It is argued that if a ban on pursuits saves one life, it is worth it. If they mean that it is not worth one innocent life lost in an accident stemming from a pursuit, then the police should not pursue anyone for any reason. There is always the law of unintended consequences, however, where the criminal not pursued then commits a crime, as happened in Lee’s Summit, Missouri. The officer there is still living with the fact that he was required by policy to discontinue a chase of two suspects in a suspicious vehicle seen casing some auto dealerships. Later that morning they kidnapped, raped, and murdered a girl waiting for her school bus in front of her house. Crimes committed by criminals who are not chased cannot be tracked most of the time, so the victims created by a restrictive pursuit policy will rarely be known.

Many restrictive pursuit policies prohibit pursuing nonviolent offenders, so if a drunk driver flees they are let go. If that driver later kills someone in an accident, are the police held responsible for this death as they are for pursuit accidents? As of this writing, most agencies will still pursue such violators, but the scale is slowly tipping with the weight of political and media pressure.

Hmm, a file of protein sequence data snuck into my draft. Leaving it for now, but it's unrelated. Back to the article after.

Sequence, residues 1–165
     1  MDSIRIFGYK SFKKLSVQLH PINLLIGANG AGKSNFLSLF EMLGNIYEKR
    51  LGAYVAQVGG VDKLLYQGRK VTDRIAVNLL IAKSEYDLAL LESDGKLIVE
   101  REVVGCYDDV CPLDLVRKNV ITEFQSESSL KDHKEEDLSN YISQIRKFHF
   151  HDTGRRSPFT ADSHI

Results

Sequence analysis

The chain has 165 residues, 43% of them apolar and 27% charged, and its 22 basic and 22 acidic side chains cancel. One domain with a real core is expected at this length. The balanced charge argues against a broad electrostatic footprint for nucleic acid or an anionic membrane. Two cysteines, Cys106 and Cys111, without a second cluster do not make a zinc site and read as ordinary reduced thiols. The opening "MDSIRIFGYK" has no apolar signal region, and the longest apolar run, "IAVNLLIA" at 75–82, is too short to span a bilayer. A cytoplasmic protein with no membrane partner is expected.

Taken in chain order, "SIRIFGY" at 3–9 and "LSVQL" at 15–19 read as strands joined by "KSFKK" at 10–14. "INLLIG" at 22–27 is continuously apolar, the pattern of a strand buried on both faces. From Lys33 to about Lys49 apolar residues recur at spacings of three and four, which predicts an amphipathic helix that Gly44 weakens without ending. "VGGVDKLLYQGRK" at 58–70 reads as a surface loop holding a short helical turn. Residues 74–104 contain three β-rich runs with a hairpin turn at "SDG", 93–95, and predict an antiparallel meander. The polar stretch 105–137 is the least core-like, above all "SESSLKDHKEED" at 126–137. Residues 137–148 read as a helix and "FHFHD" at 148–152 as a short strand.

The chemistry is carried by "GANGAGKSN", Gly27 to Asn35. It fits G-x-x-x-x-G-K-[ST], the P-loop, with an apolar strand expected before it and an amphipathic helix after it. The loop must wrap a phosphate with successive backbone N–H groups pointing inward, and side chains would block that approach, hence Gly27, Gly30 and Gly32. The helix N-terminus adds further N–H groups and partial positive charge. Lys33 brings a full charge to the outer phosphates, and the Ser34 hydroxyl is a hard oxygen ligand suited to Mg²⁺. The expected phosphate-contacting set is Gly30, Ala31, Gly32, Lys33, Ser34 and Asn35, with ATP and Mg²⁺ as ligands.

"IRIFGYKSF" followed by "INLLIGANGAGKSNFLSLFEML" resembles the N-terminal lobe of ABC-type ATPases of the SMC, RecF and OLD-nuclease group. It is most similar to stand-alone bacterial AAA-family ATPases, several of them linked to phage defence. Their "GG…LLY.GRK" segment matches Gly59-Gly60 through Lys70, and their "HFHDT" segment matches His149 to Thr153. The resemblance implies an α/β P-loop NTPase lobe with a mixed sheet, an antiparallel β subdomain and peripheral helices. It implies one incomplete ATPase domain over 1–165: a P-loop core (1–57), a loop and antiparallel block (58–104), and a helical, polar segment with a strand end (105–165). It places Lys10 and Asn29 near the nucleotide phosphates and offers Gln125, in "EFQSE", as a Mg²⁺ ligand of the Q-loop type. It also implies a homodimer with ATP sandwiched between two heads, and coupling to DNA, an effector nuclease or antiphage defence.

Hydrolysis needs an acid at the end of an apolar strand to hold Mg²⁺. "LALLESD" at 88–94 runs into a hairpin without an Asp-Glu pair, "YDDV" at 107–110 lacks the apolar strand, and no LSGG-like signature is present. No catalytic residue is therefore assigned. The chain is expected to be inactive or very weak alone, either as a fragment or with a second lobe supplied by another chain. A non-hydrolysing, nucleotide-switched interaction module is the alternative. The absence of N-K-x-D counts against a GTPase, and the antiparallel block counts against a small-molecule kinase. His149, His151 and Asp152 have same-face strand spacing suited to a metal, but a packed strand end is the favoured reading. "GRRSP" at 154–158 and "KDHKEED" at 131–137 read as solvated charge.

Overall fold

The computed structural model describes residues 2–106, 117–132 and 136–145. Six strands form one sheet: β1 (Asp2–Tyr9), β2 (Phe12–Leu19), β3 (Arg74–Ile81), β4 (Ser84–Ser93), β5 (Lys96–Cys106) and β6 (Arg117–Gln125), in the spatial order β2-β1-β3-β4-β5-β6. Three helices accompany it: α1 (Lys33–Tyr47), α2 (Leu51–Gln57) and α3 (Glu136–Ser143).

There is an often-used statistic that almost one innocent person per day is killed in the United States from police pursuits. This is technically true since every person is innocent until proven guilty in a court of law, and the criminals who are killed trying to evade the police will never get their day in court. Of the 350 people killed by pursuits in 2003, 104 were innocent bystanders. The rest, 70%, were occupants of the vehicle being chased. Although unfortunate, when one flees from the police, one should know they risk serious injury or death.

Lest we minimize the loss of innocent people in 2003, lets put this number in perspective by comparing other accidental deaths.
Deaths in 2002
Falling over furniture: 785
Falling down stairs: 1,598
Falling off of ladder: 406
Drowning in bathtub: 352
Drowning in swimming pool: 636
Choking on food: 819
Bee, hornet, wasp sting: 54
Struck by lightning: 66
Accidental poisoning: 17,550

You are about 7 times more likely to be killed by an inert piece of furniture than by a pursuit, yet we do not see web sites devoted to changing the law on what kind of furniture can be made and how you must arrange it in your house. You are almost 8 times more likely to die from choking on your dinner, yet nobody is trying to pass a law saying we must all put our filet mignon in a blender. Even if the number of pursuit fatalities is underreported as claimed by the watchdog group Pursuit Watch, the numbers are still comparable to other accidental deaths.